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Author Whitmore, Janet Lynn
Title Painting collections and the Gilded Age art market: Minneapolis, Chicago and St. Louis, 1870--1925
book jacket
Descript 363 p
Note Source: Dissertation Abstracts International, Volume: 63-01, Section: A, page: 0008
Major Adviser: Gabriel P. Weisberg
Thesis (Ph.D.)--University of Minnesota, 2002
Painting Collections and the Gilded Age Art Market: Minneapolis, Chicago and St. Louis, 1890--1920 examines midwestern American patterns of art collecting during the Gilded Age. Growing art collections mirror the expansion of midwestern cities at this time, and reflect a new interest in establishing cultural identity among the successful entrepreneurs who fostered the economic development of the region. This dissertation addresses questions of why midwestern collectors selected contemporary French art, how they assembled collections working with French art dealers both in the US and in Paris, and how the choices of landscape painting and rural genre paintings reflect a particularly midwestern aesthetic
The research examines the Potter and Bertha Palmer collection in Chicago, the Charles Parsons collection in St. Louis and the James J. Hill collection in St. Paul as background for the collecting pattern seen in the Minneapolis collection of T. B. Walker. The original Walker collection, which eventually became the Walker Art Center, is explored as a case study of collecting patterns, and compared with other Gilded Age midwestern art collections. The material is drawn entirely from Walker's personal correspondence with art dealers and artists, newspaper accounts, critical reviews, collection catalogues, and provenance records from the Walker archives. Other chapters examine the process of building a collection, presenting it to the public, and expanding into the old master art market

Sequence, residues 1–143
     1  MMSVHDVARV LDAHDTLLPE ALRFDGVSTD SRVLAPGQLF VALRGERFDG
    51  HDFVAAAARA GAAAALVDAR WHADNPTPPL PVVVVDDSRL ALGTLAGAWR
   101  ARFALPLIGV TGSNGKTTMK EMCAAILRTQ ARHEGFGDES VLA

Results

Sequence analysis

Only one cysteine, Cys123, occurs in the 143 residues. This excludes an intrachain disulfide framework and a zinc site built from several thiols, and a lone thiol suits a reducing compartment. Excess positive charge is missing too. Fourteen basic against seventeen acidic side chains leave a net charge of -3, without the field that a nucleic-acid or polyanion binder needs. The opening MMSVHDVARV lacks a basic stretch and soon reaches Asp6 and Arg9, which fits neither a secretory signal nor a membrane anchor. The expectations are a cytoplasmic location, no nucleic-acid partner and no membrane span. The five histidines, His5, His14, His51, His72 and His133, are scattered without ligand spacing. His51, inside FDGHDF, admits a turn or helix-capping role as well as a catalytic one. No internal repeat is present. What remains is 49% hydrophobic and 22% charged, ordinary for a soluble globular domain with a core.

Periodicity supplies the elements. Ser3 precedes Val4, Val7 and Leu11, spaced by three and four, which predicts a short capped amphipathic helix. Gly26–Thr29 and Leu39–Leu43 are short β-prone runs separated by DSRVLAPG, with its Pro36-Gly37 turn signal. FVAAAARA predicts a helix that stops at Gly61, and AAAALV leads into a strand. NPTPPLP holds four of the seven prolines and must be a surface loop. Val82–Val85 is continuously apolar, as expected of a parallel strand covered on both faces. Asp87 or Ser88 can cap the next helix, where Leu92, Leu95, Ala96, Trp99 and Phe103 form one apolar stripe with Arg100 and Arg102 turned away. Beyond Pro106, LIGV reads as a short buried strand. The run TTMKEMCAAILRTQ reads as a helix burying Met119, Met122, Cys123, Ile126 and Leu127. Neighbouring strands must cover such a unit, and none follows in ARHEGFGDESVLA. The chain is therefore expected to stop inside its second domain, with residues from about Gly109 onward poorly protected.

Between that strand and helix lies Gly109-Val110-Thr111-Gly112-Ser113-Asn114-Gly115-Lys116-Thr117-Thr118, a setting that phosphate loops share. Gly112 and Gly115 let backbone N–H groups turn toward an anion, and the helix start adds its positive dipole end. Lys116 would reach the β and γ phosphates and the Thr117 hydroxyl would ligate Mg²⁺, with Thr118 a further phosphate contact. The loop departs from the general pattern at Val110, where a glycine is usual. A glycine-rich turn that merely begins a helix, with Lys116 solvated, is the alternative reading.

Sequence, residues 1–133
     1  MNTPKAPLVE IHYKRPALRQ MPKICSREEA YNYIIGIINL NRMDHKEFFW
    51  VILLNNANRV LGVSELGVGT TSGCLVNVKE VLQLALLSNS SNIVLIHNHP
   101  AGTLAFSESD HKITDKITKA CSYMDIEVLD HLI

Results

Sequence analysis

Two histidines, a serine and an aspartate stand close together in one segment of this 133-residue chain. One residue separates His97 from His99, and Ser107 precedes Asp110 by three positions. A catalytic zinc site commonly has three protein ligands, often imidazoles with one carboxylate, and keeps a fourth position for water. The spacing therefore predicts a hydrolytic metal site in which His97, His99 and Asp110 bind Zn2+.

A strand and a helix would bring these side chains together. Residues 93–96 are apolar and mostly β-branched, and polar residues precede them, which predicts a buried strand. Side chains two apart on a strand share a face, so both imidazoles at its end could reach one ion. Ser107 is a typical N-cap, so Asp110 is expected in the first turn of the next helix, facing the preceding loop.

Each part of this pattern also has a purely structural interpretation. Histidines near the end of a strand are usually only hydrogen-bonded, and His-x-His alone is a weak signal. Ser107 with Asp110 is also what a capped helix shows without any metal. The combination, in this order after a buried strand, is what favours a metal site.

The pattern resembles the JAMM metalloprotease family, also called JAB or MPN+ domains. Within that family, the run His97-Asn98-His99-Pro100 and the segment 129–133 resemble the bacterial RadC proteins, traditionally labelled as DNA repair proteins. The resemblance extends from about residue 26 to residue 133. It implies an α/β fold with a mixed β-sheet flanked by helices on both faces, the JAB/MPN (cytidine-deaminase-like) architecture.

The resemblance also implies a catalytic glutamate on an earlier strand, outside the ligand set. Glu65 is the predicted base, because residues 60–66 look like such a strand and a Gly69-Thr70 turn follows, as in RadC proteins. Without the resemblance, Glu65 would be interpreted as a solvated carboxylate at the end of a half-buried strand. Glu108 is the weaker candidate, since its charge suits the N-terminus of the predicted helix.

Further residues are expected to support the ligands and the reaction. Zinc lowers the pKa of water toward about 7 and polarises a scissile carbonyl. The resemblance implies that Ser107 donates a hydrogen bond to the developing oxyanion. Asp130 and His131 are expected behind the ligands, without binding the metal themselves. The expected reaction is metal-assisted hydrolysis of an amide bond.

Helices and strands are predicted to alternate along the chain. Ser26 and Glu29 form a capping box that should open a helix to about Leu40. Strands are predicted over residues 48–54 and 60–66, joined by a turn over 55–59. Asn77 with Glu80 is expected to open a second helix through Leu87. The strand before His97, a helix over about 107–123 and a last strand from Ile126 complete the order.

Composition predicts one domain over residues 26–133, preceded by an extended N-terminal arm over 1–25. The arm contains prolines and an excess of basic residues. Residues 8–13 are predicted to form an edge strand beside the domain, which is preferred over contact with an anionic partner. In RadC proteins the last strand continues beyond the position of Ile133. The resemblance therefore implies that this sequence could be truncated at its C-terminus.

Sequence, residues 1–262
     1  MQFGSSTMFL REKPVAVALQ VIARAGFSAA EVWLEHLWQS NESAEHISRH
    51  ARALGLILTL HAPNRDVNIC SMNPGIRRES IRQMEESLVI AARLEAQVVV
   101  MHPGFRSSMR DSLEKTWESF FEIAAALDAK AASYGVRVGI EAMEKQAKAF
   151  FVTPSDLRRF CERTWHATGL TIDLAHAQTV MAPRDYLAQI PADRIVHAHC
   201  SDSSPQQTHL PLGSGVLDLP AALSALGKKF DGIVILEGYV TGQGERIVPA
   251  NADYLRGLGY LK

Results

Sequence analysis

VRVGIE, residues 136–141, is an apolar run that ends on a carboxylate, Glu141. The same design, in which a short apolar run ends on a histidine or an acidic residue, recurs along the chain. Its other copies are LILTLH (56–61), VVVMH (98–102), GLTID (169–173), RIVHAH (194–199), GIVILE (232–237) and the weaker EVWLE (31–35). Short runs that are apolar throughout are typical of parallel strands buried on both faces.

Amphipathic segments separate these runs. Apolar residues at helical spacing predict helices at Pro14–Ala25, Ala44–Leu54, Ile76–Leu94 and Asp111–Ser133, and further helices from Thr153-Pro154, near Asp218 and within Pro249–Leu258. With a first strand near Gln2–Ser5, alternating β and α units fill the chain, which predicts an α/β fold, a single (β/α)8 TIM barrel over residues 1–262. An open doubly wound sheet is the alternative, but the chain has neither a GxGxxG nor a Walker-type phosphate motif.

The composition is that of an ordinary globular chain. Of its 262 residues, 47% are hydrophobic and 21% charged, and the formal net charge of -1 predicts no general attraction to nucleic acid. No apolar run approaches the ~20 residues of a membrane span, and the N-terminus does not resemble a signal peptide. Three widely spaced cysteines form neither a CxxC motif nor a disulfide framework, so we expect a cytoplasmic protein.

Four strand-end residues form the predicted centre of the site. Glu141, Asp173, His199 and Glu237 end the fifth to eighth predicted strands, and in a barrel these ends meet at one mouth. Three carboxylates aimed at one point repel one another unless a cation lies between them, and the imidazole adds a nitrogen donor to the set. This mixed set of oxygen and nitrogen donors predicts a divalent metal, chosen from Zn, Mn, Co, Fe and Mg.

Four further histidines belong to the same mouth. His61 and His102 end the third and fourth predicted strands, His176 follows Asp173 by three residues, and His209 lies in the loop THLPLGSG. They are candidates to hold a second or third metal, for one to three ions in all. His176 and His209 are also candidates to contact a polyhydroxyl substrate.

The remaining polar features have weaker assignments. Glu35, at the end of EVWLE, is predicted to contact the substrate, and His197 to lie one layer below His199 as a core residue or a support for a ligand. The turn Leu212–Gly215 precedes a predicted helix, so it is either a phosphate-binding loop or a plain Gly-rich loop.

The research also includes an analysis of the exhibition installations in Walker's home gallery and its subsequent placement in a separate building on the site of the current Walker Art Center. Walker's insistence that the public have access to his collection, a commitment which distinguished him from other collectors of the time, brought him into conflict with some of the leading citizens of Minneapolis who wished to restrict access of the basis of wealth. The dissertation examines the social issues surrounding this controversy, focusing on the tensions between establishing a cultural elite and providing an open forum for educating all social classes
School code: 0130
Host Item Dissertation Abstracts International 63-01A
Subject Art History
Alt Author University of Minnesota
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